Gas prices slip below $3 in Missouri

October 25, 2013: 11:43 AM ET
gas prices
Nationwide gas prices are falling in the wake of weak demand.
NEW YORK (CNNMoney)

Gas prices in Missouri dipped below $3 per gallon on Friday, the first time in more than eight months.

The average price of unleaded gasoline dropped to $2.991 per gallon in Missouri, cementing its status as the state with the lowest gas prices in the country, according to motorist club AAA.

Missouri's proximity to refineries in the Midwest are a big reason for its low prices, according to oil trader Dan Dicker, author of "Oil's Endless Bid."

"It's about supply and transport costs," he said. "Basically, the states closest to the refiners will get a greater benefit than those further away.

The Midwestern refineries get their oil from the Bakken shale formation in North Dakota and Montana, and the Eagle Ford formation in Texas, which have been experiencing a glut in supply, said Dicker.

Related: Chamber of Commerce: Raise gas tax to fix roads

In addition to its proximity to refineries in Illinois, Kansas and Oklahoma, the state of Missouri "is served by numerous pipelines carrying petroleum products," said Michael Right, spokesman for AAA in Missouri. He said it helps that Missouri has no sales tax on gas and also charges a relatively low gasoline tax of 17 cents per gallon.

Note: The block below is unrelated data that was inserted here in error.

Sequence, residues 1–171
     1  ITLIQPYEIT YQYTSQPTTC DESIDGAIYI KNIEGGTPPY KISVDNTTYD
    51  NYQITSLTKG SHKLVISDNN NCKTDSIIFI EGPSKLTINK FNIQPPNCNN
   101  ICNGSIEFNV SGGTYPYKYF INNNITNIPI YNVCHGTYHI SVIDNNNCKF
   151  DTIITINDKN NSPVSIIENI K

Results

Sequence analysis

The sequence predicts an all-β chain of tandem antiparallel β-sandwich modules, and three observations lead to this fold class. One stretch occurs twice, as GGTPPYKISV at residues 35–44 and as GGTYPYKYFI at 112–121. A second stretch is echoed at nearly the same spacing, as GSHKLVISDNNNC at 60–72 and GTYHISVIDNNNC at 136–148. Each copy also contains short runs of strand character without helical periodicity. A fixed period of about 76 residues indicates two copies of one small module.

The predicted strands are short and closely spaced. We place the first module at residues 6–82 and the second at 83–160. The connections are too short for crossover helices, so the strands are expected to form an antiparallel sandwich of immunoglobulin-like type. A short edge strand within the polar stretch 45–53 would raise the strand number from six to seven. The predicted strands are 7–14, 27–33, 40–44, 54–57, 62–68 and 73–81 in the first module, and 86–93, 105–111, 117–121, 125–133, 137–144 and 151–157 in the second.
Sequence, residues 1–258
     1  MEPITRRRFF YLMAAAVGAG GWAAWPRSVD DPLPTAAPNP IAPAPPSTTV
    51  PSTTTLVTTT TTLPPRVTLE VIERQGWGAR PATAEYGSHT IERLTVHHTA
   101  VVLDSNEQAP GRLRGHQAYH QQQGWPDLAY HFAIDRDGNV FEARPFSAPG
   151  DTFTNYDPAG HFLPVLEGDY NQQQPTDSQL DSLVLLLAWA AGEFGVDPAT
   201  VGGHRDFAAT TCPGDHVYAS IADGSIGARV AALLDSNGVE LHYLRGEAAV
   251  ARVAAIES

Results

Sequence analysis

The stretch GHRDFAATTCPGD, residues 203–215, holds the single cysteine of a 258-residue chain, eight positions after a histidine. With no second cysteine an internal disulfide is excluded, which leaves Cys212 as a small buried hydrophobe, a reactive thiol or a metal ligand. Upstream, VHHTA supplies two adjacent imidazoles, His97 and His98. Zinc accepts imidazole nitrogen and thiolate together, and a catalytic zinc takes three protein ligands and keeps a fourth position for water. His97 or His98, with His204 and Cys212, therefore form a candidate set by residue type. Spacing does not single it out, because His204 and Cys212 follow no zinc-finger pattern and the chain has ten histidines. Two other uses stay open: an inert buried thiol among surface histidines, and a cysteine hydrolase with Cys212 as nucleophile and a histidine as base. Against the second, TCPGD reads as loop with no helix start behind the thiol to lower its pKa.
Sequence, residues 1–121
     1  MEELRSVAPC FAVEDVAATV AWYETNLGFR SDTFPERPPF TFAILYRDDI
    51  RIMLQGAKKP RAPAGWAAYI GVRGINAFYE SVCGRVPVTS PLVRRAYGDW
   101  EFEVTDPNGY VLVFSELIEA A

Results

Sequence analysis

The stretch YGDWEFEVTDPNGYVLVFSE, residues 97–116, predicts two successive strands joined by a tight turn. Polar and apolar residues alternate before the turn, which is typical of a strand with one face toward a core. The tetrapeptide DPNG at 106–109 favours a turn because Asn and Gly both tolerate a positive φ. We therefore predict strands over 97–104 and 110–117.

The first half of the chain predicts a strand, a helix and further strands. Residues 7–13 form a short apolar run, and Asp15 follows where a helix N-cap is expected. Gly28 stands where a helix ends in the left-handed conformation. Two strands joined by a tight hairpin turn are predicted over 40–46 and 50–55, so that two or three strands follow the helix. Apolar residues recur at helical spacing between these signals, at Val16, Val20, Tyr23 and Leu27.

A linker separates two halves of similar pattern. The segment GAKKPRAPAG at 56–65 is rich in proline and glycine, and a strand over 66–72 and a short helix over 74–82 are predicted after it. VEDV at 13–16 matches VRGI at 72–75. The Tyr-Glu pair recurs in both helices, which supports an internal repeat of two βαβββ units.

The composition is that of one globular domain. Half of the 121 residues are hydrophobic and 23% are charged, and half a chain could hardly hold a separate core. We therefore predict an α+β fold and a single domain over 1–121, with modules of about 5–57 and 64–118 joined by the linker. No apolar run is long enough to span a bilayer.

The last time statewide average prices were below $3 per gallon was on Feb. 7.

After that, prices climbed from worries over the war in Syria and unrest in Egypt. More recently, there's been relative calm in the Middle east.

Related: States' pledge could boost electric car business

Gas prices have been falling nationwide. The average price for a gallon of unleaded gas was $3.315 on Friday, compared to $3.360 a week ago and $3.599 a year ago.

The partial government shutdown during the first half of October also sapped demand for gas, as it fueled anxiety among consumers, said Tom Kloza, chief oil analyst with Gasbuddy.com.

Kloza said nationwide gas prices might stay close to the $3-per-gallon mark between early November and Christmas, before demand for holiday travel may drive them back up again.

"People have a very, very dim outlook for the economy," he said. "That tends to manifest itself in less purchasing."

Join the Conversation
Search for Jobs